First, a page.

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Chapter 2

  • With the text printing out, she went through the drawings to match them. Just have to get these finished up and get them shipped. Yawning, she glanced at the clock. She hadn’t realized how late she had worked. Debating for a minute on whether she would make a late dinner or just go to bed, she rolled her eyes and headed back into the tiny kitchen. You know you have to eat regularly Miss Dante, or the visions leave you weak as a mouse.
  • As she made a small solitary meal, again, she couldn’t fight the feelings of being alone. She was always alone, but from time to time it bothered her. For years she had hoped to find someone— just one person that would understand and believe her, fill the empty places in her life. Getting a glass of milk from the fridge, she set it beside the single plate on the small table. She’d given up that dream a long time ago. She’d moved past the age of twenty alone – so when thirty had followed the same way, she hadn’t felt the melancholy of the isolation. Frowning, she refused to think of any number near forty. Thirty-five was as old as she was getting.
  • She didn’t really taste a single bite of the food she chewed while thinking. A lot of her world was like that though—do what you need to get through it. Glancing over, she picked up the forms the judge had given her. Her own fault really, when the police had completely doubted her -- and looked at her like she’d just escaped the nearest mental facility. Instead of walking out without argument, she’d demanded to talk to someone higher up. How was she supposed to know a judge just happened to be there at the time? Since when did judges hang around at police stations?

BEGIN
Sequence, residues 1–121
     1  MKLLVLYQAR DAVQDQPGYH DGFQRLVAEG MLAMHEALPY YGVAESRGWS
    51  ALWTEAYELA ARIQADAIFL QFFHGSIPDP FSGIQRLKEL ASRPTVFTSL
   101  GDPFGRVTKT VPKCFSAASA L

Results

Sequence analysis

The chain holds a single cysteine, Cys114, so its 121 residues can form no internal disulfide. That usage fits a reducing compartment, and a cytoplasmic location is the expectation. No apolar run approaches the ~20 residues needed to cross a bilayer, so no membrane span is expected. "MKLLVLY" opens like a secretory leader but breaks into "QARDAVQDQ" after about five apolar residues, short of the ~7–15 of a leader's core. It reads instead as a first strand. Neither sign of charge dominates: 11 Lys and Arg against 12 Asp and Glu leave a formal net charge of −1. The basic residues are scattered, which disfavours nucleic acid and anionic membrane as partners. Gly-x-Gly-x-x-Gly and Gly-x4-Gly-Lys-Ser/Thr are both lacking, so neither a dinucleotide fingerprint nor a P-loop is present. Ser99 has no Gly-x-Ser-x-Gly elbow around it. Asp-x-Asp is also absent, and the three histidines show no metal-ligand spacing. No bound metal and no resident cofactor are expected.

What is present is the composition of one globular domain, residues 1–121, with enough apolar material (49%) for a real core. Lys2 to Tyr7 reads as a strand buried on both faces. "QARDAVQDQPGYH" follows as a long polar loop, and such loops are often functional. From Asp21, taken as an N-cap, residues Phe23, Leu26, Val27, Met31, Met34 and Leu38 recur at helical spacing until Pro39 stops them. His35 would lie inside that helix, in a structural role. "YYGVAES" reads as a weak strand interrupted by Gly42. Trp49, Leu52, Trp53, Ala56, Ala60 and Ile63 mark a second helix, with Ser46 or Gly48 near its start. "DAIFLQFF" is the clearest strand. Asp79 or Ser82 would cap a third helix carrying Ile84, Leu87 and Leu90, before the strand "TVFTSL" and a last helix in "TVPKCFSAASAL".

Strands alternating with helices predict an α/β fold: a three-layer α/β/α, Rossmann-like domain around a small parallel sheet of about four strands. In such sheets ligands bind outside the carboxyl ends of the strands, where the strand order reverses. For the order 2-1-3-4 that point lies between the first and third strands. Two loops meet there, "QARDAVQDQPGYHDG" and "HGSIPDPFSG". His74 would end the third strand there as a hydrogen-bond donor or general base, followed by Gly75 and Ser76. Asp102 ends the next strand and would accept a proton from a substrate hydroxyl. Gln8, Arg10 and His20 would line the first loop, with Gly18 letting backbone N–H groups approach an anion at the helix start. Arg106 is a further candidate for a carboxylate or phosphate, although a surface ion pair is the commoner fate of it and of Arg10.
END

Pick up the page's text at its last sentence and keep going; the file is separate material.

• They hadn’t listened or given up any time to try to help the little girl and in turn for her trouble, she got to go see a professional to help her through her episodes. Anonymous – she knew she had to report things in an anonymous fashion – hadn’t she learned that the hard way repeatedly? But the little girl in her vision had been so frightened, it had broken Felicity’s heart and she couldn’t stand it a moment longer.
  • Tossing the paperwork back onto the table, she got up to rinse her dishes. She’d go to the therapist– mostly to buy herself time so she wasn’t arrested on some insubordinate charge. As soon as she had everything organized and packed, she’d move on.
  • Standing at the counter, she closed her eyes and prayed silently for a moment—that she wouldn’t see the little girl or the little boy on the news anytime soon in some heart-wrenching morbid discovery. She couldn’t deal with another one of those. Couldn’t face sitting all alone crying, hearing how someone she had tried to help hadn’t gotten it and she’d been left alone to regret once more that society didn’t accept anything out of the ordinary.